Representative Poetry Online
  Poet Index   Poem Index   Random   Search  
  Introduction   Timeline   Calendar   Glossary   Criticism   Bibliography  
  RPO   Canadian Poetry   UTEL  
by Name
by Date
by Title
by First Line
by Last Line
Short poem

Selected Poetry of Daniel Decatur Emmett (1815-1904)

from Representative Poetry On-line
Prepared by members of the Department of English at the University of Toronto
from 1912 to the present and published by the University of Toronto Press from 1912 to 1967.
RPO Edited by Ian Lancashire
A UTEL (University of Toronto English Library) Edition
Published by the Web Development Group, Information Technology Services, University of Toronto Libraries
© 2003, Ian Lancashire for the Department of English, University of Toronto

Index to poems

I wish I was in de land ob cotton,
Old times dar am not forgotten;
Look away! Look away! Look away! Dixie Land!
        (Dixie's Land, 1-3)
  1. Dixie's Land

Notes on Life and Works

Daniel Decatur Emmett was born in Mt. Vernon, Ohio, on October 29, 1815. After working in newspaper offices, and serving in the army, Emmett played in circus bands. Emmett organized the first black minstrel company, the Virginia Minstrels, in New York in 1843; he played the violin, and his band was a great success. From 1857 to 1865 he worked with the Bryant Minstrels, during which time he wrote "Dixie's Land" and other "walk-arounds," written in an artificial black dialect. His first wife Catharine Rives suggested the title for the song "Dixie's Land" that became the anthem of the Confederate States after a performance in New Orleans in the spring of 1861. Following the Civil War Emmett moved to Chicago until 1888, when he retired to his birthplace. Only in 1895 did an old friend, Al. G. Field, a minstrel manager, find him and identify him to the world as the composer of the song and its tune. Emmett enjoyed popularity during a tour in 1895-96 and, with some legal representation, recovered copyright for the song and finally earned income from it. Remarried in 1879 to Mary Louise Bird after Catharine's death in 1875, Emmett himself died on June 28, 1904. His friend Field arranged for Emmett to lie in state at the Mt. Vernon Elks' lodge, and the funeral service was held at St. Paul's Episcopal Church. The best edition of the poet's works, and the best biography, is Charles Burleigh Galbreath's Daniel Decatur Emmett (Columbus, Ohio: Fred J. Heer, 1904).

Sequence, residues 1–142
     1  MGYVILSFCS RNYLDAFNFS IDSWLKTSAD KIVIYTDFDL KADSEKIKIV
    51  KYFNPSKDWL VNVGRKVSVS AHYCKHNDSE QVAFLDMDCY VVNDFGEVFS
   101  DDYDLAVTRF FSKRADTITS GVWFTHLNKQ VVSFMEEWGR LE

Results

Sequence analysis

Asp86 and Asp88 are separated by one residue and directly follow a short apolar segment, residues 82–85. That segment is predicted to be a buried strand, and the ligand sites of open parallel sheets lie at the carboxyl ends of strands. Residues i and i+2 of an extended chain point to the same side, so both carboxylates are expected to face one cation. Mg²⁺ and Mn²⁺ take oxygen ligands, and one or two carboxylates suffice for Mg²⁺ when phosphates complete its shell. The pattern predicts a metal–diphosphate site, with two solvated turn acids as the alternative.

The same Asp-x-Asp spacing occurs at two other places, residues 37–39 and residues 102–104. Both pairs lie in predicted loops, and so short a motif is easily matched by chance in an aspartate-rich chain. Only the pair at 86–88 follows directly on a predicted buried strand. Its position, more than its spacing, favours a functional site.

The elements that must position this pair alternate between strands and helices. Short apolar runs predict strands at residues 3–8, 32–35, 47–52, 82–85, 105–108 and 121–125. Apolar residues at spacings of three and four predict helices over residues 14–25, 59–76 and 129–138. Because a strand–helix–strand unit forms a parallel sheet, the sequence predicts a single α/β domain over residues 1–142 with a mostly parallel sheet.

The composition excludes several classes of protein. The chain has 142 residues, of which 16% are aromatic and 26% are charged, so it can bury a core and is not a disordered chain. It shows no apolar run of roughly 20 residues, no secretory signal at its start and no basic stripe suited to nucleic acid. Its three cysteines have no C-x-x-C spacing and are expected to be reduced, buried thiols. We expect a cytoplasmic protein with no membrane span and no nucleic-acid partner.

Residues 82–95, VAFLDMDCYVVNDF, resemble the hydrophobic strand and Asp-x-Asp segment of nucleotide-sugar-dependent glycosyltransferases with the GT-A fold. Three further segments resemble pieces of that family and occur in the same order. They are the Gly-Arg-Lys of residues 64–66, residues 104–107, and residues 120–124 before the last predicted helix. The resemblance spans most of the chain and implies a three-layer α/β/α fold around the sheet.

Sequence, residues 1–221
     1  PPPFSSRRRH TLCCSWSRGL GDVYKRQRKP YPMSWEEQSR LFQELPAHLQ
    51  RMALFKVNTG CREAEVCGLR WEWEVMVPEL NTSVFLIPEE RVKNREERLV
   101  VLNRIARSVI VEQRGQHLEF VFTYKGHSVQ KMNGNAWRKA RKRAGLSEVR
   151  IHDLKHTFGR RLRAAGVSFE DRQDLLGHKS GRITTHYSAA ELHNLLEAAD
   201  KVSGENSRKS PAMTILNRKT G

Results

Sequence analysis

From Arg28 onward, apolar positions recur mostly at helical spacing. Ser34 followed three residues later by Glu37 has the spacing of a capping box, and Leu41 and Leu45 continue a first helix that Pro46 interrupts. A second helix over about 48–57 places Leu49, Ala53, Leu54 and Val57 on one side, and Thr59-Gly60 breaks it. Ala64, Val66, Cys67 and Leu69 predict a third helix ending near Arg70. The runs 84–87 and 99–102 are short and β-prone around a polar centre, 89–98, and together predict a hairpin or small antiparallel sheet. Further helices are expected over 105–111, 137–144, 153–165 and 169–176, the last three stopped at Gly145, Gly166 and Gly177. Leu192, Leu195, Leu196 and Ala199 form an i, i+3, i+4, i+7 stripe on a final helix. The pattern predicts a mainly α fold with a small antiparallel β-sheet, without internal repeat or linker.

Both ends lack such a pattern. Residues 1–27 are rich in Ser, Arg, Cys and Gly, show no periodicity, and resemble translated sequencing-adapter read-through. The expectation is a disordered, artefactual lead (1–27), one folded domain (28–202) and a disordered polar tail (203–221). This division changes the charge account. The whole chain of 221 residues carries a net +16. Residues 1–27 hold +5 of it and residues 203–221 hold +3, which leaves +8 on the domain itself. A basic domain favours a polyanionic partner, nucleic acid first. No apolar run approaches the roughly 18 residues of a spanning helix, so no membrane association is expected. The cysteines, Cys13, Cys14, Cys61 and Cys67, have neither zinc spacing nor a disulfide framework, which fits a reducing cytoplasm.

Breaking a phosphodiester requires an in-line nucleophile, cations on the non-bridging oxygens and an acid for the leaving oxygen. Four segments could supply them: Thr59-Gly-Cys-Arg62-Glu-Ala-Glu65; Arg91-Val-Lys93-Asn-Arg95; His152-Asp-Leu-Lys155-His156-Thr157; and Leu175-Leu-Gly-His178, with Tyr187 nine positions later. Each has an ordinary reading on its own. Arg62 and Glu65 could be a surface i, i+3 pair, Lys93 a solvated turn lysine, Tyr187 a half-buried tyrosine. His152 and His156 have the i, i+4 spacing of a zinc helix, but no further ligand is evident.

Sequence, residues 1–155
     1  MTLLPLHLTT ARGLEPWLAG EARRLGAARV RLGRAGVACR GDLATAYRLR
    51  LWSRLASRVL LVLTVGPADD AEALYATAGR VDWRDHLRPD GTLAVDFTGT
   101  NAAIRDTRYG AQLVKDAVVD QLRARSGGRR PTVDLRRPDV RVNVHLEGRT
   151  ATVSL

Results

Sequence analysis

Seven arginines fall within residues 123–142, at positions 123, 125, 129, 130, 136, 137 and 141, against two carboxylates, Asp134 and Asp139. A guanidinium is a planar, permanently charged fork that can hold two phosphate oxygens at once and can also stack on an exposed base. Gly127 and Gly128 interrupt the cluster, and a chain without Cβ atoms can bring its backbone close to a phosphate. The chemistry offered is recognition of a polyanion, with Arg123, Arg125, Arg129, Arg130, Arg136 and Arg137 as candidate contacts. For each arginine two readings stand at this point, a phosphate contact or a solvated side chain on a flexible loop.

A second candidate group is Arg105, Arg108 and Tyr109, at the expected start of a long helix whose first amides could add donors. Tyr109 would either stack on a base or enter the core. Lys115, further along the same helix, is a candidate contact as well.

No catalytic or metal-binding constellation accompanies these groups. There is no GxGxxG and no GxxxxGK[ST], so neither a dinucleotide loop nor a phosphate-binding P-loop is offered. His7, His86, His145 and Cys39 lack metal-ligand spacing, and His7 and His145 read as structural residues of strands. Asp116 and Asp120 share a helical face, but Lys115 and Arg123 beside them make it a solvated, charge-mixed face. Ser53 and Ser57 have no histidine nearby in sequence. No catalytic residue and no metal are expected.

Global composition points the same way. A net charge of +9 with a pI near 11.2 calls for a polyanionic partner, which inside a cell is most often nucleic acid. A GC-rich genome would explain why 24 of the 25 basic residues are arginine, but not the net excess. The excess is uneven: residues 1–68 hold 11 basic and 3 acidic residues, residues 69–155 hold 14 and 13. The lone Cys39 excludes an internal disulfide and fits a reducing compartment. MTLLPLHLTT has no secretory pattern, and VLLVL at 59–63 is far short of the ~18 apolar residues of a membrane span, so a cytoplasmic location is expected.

Biographical information

Given name: Daniel Decatur
Family name: Emmett
Birth date: 29 October 1815
Death date: 28 June 1904
Nationality: American
Buried at: Mt. Vernon